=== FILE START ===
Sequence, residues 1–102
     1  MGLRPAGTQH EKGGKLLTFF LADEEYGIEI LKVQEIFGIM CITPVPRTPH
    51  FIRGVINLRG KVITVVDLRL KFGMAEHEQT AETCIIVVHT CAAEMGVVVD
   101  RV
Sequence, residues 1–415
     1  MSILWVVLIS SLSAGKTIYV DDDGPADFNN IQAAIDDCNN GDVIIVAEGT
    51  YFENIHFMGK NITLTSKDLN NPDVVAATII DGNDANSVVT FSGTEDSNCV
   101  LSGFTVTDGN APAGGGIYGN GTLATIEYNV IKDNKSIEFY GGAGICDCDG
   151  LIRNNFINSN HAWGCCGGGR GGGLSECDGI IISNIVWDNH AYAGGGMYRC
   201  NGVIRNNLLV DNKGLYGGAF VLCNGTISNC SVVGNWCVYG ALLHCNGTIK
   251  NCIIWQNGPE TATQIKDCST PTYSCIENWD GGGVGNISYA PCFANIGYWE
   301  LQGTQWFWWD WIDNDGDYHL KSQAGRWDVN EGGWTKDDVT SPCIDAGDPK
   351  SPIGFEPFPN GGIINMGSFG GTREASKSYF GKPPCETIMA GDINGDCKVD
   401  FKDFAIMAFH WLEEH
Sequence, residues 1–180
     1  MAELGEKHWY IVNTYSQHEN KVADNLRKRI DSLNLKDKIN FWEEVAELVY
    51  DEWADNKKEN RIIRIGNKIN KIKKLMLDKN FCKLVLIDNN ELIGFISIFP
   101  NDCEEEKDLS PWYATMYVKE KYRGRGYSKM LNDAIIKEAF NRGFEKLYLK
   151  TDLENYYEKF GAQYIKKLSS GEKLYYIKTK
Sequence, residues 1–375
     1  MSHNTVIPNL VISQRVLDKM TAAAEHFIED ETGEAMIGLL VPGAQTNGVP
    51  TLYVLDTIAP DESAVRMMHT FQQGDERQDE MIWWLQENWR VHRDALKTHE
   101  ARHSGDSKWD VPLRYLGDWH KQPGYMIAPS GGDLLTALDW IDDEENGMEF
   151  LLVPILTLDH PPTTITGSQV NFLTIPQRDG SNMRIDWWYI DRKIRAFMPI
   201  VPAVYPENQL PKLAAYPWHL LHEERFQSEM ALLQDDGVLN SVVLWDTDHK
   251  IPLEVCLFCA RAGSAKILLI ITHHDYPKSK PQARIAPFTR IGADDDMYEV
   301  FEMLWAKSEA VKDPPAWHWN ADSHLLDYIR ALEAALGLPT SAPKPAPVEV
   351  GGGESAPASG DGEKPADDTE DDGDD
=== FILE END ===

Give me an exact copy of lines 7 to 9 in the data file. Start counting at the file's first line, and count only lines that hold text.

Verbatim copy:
    51  YFENIHFMGK NITLTSKDLN NPDVVAATII DGNDANSVVT FSGTEDSNCV
   101  LSGFTVTDGN APAGGGIYGN GTLATIEYNV IKDNKSIEFY GGAGICDCDG
   151  LIRNNFINSN HAWGCCGGGR GGGLSECDGI IISNIVWDNH AYAGGGMYRC